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t-sql key on a table


t-sql key on a table

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Jeff Moden
Jeff Moden
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Christian Graus (1/6/2014)
Thanks - good to know.


Just so you don't think that I'm making this up, here's the entry from Books Online under the title of "Creating and Modifying PRIMARY KEY Constraints ". I know I hate it when someone tells me something about SQL Server and can't actually back it up.


The Database Engine automatically creates a unique index to enforce the uniqueness requirement of the PRIMARY KEY constraint. If a clustered index does not already exist on the table or a nonclustered index is not explicitly specified, a unique, clustered index is created to enforce the PRIMARY KEY constraint.



--Jeff Moden

RBAR is pronounced ree-bar and is a Modenism for Row-By-Agonizing-Row.
First step towards the paradigm shift of writing Set Based code:
Stop thinking about what you want to do to a row... think, instead, of what you want to do to a column.
If you think its expensive to hire a professional to do the job, wait until you hire an amateur. -- Red Adair

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Jeff Moden
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Ed Wagner (1/3/2014)
For this table, it is fine if you add a column as IDENTITY (1, 1) and define it as a primary key. It'll be a 4-byte key.

It appears that the combination of the two columns is unique, so the other possibility is to define a natural key using the combination of the two columns. This would be called a composite key because it contains more than one column. There is great debate between using artificial keys and natural keys and I'm not trying to ignite a debate. Ami Levin has a chapter on the debate in "SQL Server Deep Dives Volume 2" and it covers both sides to the argument.

What matters in the decision here is the overall design of the table, the uniqueness of the columns and if the values are ever-increasing. If you add more columns to this table and add nonclustered indexes to them, all nonclustered indexes inherit the values of the clustered index, which increases the size, so you'd want the size of the clustered index to be as narrow as possible. If you add an artificial primary key and the two columns are unique, you should also consider adding a unique constraint to the two columns.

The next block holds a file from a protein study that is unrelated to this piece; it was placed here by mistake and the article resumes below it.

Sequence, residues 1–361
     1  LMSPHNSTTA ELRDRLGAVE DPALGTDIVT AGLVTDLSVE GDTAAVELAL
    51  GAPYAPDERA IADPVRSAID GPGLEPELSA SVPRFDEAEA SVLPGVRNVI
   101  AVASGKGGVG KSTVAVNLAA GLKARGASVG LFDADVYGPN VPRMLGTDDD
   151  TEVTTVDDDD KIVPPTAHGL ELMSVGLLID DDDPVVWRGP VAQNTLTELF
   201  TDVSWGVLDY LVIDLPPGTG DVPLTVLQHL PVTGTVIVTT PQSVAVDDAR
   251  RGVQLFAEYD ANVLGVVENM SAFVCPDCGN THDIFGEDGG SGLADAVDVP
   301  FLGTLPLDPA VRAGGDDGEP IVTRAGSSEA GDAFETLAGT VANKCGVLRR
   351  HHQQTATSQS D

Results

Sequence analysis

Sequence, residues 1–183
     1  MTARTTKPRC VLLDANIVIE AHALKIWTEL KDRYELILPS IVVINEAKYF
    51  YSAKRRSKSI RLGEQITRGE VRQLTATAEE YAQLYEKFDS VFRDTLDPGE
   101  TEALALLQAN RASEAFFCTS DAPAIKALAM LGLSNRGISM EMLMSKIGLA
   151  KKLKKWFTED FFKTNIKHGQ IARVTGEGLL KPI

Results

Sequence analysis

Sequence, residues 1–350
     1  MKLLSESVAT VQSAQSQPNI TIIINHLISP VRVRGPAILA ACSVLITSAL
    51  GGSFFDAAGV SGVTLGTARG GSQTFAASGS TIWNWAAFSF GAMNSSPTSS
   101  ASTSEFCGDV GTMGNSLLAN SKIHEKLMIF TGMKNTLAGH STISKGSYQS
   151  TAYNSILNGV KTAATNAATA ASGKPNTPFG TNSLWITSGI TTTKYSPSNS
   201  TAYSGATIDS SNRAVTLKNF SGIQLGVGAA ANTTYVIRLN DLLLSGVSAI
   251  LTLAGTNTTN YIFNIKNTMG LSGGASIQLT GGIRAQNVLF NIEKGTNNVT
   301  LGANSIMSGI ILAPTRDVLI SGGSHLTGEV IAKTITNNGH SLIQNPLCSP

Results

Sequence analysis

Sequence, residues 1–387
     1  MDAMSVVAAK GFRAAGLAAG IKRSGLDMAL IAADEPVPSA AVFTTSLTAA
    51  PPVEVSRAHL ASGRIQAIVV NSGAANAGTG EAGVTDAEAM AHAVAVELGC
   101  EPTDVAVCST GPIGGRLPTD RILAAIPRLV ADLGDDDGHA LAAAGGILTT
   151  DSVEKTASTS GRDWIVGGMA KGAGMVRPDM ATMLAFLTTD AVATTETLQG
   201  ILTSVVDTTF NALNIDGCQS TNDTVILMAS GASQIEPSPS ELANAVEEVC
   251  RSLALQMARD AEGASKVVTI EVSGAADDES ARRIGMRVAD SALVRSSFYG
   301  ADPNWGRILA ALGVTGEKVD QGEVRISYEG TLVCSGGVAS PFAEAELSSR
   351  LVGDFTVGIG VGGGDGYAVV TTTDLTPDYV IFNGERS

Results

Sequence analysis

I know I've thrown out a lot of theory here, but as with so very many things, "it depends" strikes again.


All good points. The only thing that you've left out of the "It Depends" scenario is how the table will be used. See my "It Depends" entry a couple of posts up.

--Jeff Moden

RBAR is pronounced ree-bar and is a Modenism for Row-By-Agonizing-Row.
First step towards the paradigm shift of writing Set Based code:
Stop thinking about what you want to do to a row... think, instead, of what you want to do to a column.
If you think its expensive to hire a professional to do the job, wait until you hire an amateur. -- Red Adair

Helpful Links:
How to post code problems
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ScottPletcher
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Actually, it is a terrible idea to add an identity to this table.

Depending on your specific data, future inserts could be sequential anyway. Even if not, rows are inserted once and typically read 10s, or even 100s, 1000s or more times, particularly for lookup tables, which this certainly seems to be. Besides, tables can of course be rebuilt when truly needed, and rebuilt online for this table (assuming Enterprise or other qualifying edition).

Overall, the biggest performance gain you'll get is to stop using dopey identity clusters by default and instead consider carefully how the table is accessed. I've removed over 6000 indexes and improved SELECT performance dramatically, particularly for joins, the majority of it from just replacing identity clusters with properly-keyed clustered indexes.

SQL DBA,SQL Server MVP(07, 08, 09)[size=2]Prosecutor James Blackburn, in closing argument in the Fatal Vision murders trial: If in the future, you should cry a tear, cry one for them [the murder victims]. If in the future, you should say a prayer, say one for them. And if in the future, you should light a candle, light one for them.[/size]
Jeff Moden
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ScottPletcher (1/6/2014)
Actually, it is a terrible idea to add an identity to this table.

Depending on your specific data, future inserts could be sequential anyway. Even if not, rows are inserted once and typically read 10s, or even 100s, 1000s or more times, particularly for lookup tables, which this certainly seems to be. Besides, tables can of course be rebuilt when truly needed, and rebuilt online for this table (assuming Enterprise or other qualifying edition).